Sorry, Will, to pull a change of seasons on you, but right before the 4th of July it really looks like this is going to be the summer of our discontent.
So many depressing factors are piling up one on top of another with the cumulative result of deflating people’s spirit. Indeed, it’s so palpable that you can hear the air going out of the balloon. That is never a pretty sound; nor is it a pretty sight.
There don’t seem to be very many places for people to turn to get respite from the onslaught of bad financial news. As I write this, the stock market was entering bear market territory, down some 20% from its high in the fall of last year. This is true not only in the U.S. but in countries around the world (you know, those places where investing added the piquancy of diversification to your portfolio).
If you want to know how bad things are for some of the best-known brands in this country, take a look at General Motors, an icon of American capitalism if there ever was one. The recent market cap of GM was in the vicinity of $6 billion, the equivalent of pocket change for the new crop of Russian billionaires.
There’s also scant consolation for those of a more conservative bent because fixed instruments are returning peanuts. This is a tough time for those people who have just retired or are thinking about retiring in the near future. (I can imagine that many of this latter group may be having second thoughts about leaving the workplace when they intended to.)
Which, of course, brings us to the bad news emanating from the job market. Layoffs here, layoffs there–it’s like snow made of pink slips.
So, not only are prices screaming out of control for the basics of food and energy, but the job market is shrinking at the same time. Is it any wonder that I’m starting to hear Martha and the Vandellas’ “Nowhere to run, nowhere to hide,” as background music for this summer that has just begun.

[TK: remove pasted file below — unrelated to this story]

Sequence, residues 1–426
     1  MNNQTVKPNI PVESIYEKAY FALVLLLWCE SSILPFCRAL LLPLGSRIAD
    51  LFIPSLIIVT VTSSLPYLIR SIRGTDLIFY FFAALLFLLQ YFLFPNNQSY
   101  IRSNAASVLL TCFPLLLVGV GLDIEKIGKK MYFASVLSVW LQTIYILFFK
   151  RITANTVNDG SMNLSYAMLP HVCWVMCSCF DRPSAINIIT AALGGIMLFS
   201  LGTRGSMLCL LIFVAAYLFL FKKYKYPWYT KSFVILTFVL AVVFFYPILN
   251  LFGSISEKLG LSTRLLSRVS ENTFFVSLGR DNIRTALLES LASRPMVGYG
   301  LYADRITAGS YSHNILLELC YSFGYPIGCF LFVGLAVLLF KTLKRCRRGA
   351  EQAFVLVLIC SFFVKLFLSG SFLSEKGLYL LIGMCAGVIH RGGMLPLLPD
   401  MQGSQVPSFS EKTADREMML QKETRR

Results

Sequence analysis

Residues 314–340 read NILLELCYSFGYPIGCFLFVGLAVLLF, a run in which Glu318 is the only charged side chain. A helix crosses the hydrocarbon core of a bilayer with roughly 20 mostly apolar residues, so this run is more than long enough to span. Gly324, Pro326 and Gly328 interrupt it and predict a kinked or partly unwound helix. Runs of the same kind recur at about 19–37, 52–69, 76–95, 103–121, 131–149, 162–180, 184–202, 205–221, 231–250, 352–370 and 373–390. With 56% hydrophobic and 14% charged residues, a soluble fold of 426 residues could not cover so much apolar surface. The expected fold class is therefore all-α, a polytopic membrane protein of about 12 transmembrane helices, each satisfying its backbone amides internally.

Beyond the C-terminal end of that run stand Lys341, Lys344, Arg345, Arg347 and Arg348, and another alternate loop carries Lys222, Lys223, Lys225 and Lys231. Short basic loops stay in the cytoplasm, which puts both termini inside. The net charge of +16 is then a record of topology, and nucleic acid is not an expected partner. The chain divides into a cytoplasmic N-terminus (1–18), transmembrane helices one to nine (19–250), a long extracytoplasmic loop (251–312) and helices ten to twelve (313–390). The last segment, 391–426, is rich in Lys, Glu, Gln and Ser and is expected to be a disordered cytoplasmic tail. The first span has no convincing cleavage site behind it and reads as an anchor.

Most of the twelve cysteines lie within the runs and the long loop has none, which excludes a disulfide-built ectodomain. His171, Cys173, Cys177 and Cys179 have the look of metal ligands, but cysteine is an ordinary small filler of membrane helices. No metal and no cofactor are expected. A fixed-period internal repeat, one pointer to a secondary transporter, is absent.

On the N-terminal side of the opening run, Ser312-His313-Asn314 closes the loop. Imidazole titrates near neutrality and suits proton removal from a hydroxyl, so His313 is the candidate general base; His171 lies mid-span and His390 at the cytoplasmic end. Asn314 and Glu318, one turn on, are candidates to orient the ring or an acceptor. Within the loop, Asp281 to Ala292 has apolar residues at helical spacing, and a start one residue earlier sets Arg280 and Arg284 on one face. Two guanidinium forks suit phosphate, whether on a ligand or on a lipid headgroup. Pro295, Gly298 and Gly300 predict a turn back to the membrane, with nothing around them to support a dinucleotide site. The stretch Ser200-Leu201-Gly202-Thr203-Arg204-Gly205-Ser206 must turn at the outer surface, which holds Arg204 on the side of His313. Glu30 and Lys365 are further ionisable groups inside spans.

Oil prices are now around $140 a barrel for sweet light (oh how ironic that name is!) crude. But it’s what people are paying at the gas pump that is really freaking them out. For many people, paying more at the pump means having less on the table.
There is really no short term fix for the gasoline situation we are in. Most people can cut down on discretionary driving, but that will only cut so much from one’s gasoline bill. Public transportation in this country is–not to put too fine a point on it–a mess. We have so shortsightedly not invested in public transportation and now are paying the price.
And to top it all off, there are reports that the North Pole will entirely melt this summer! Let’s hope that Mr. & Mrs. Claus have gone south for the summer. But those poor elves, consigned to a stray ice floe here and there until things start to freeze up again (assuming that they do).
And what does all this have to do with insurance? Simply that if people have to start choosing between gas and food, where do you think that leaves discretionary income for retirement and/or protection products whose payoff (if it comes at all) is somewhere quite in the distant future.
However, for those folks who do have some discretionary bucks and are still socking money away for retirement, this is the time that the life insurance industry, that bastion of safety and guarantees, needs to start sounding the trumpets.
The industry may not be able to cure the summer of discontent, but there are enough brains around so that it should be able to figure out how to profit from it.